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Hawley and McCaskill

Missouri Attorney General Josh Hawley and U.S. Sen. Claire McCaskill. Hawley, a Republican, is challenging McCaskill for her Senate seat.

JEFFERSON CITY • Locked in a tight battle in her quest for a third term, U.S. Sen. Claire McCaskill, D-Mo., is sounding more like her Republican colleagues in her reaction to the guilty verdict for President Donald Trump’s former campaign manager and the guilty plea of the president’s former personal attorney.

While other Democratic senators say the bombshell court cases should trigger a delay in the confirmation hearings of Supreme Court nominee Brett Kavanaugh, McCaskill said the Republican majority should move forward on them, just as they should have with President Barack Obama’s nominee, Merrick Garland, two years ago.

“While this is ultimately Mitch McConnell’s decision, we need consistency in how our Supreme Court nominees are handled — which we haven’t had. I favored moving forward with Judge Garland’s nomination process, I favored moving forward with Judge Gorsuch’s nomination process, and I feel the same way about Judge Kavanaugh,” McCaskill said.

McCaskill’s reaction comes as she tries to fend off a challenge by Republican Attorney General Josh Hawley in a state where Trump won by 19 points. The presence of Trump in the race has both candidates walking a tightrope as they try to stake out their positions on issues.

Rather than join calls for Trump’s impeachment, McCaskill said special counsel Robert Mueller’s probe into obstruction of justice and potential ties between the Trump campaign and Russian actors shouldn’t be blocked.

“(Tuesday’s) events are deeply troubling and I continue to stand with many of my Republican colleagues that the Mueller investigation is legitimate and needs to continue without political interference,” McCaskill said.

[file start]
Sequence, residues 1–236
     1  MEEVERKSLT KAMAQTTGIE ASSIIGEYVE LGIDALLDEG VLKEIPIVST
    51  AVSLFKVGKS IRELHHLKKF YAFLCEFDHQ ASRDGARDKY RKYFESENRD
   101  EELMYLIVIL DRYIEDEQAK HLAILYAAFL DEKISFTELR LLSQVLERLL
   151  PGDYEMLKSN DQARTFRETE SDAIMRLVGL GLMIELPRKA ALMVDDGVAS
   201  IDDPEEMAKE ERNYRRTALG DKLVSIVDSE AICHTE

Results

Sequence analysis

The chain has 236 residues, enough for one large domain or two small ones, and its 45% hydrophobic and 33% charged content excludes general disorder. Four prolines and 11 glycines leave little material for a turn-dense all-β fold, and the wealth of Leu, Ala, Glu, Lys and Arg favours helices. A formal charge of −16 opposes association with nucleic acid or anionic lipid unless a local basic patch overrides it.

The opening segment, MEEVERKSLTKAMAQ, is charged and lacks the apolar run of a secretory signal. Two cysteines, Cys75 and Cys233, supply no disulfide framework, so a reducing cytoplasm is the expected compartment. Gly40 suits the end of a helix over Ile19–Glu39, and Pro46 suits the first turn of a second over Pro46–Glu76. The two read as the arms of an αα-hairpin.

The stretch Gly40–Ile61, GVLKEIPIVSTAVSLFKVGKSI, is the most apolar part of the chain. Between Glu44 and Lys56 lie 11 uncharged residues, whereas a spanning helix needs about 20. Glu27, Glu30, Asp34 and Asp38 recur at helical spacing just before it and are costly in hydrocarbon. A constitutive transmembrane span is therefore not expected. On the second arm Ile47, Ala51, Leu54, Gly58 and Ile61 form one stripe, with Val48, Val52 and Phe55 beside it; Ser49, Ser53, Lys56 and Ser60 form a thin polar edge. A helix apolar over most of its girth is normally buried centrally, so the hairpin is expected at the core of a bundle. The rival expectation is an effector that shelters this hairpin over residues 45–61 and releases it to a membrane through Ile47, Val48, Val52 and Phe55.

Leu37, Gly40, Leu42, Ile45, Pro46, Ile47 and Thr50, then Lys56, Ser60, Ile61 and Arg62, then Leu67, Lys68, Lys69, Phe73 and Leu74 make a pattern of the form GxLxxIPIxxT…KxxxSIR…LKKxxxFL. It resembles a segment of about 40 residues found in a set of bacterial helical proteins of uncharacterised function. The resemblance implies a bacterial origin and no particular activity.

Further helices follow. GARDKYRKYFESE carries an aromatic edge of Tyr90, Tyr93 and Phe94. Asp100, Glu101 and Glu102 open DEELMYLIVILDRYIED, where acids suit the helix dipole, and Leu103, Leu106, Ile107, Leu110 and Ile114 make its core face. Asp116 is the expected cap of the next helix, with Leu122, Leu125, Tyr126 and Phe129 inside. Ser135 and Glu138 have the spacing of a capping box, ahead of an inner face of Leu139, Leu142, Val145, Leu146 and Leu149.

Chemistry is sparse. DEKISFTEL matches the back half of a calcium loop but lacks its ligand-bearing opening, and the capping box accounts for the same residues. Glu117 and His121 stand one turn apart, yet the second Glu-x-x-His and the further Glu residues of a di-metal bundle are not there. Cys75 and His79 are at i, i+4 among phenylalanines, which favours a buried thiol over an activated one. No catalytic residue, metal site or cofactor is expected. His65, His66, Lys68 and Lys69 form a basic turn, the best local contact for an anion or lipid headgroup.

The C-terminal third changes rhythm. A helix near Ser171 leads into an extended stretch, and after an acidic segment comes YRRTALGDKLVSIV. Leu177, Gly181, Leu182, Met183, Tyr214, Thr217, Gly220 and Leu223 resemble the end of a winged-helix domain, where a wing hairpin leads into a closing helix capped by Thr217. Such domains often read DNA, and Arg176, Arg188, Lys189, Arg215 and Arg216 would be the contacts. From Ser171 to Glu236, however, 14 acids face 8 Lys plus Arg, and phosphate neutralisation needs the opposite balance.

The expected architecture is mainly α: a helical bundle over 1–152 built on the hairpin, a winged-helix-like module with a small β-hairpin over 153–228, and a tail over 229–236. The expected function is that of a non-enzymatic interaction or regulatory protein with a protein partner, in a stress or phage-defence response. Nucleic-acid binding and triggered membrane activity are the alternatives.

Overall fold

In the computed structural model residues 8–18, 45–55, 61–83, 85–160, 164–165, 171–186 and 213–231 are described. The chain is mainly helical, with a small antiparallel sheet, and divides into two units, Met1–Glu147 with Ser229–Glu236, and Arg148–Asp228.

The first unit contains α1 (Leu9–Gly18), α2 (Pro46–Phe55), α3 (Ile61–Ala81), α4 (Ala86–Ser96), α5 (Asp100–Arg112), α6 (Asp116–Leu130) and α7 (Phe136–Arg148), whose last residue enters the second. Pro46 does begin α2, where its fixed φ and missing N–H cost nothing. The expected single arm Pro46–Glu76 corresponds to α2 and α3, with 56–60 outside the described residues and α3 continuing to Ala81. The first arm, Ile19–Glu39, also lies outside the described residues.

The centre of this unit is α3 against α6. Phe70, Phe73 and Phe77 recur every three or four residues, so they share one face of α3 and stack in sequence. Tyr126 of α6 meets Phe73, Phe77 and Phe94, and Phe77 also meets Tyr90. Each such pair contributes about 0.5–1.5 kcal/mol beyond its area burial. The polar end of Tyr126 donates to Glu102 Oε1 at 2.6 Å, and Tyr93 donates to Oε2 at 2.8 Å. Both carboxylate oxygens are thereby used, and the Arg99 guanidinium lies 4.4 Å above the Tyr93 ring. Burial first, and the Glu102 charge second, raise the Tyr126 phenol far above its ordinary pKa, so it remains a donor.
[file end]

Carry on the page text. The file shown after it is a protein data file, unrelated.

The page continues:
Hawley, through a campaign spokeswoman, would not say whether the conviction of former Trump campaign manager Paul Manafort and the guilty plea by attorney Michael Cohen had shaken his support of Trump.

Cohen said that during the 2016 presidential campaign, Trump had directed him to pay two women not to speak about their affairs with then-candidate Trump.

Rather, campaign spokeswoman Kelli Ford said, “Josh believes the law should be enforced.”

“As for Robert Mueller, he was hired to investigate collusion with Russia. If he has evidence of that, now’s the time to show it so the American people can evaluate what he’s found and move on. Democrats are obsessed with impeachment and that is their campaign platform going into November. They can’t let it go,” Ford said.

Hawley, a former University of Missouri law professor who is serving in his first political office, said voters want Congress to focus on issues like the economy and securing the border.

“The Supreme Court was one of the most important issues to the people of Missouri in 2016 and they deserve the conservative Supreme Court justices they demanded — and for once in her life, Claire McCaskill ought to listen to them and support Judge Kavanaugh,” Ford said.

McCaskill met with Kavanaugh on Tuesday as the Cohen plea was unfolding and Manafort was found guilty. She did not offer any hints on whether she supports or opposes his confirmation.

Trump is expected to be back in Missouri to campaign for Hawley in the coming weeks after making three previous stops in the Show-Me State to raise funds and introduce him at rallies.

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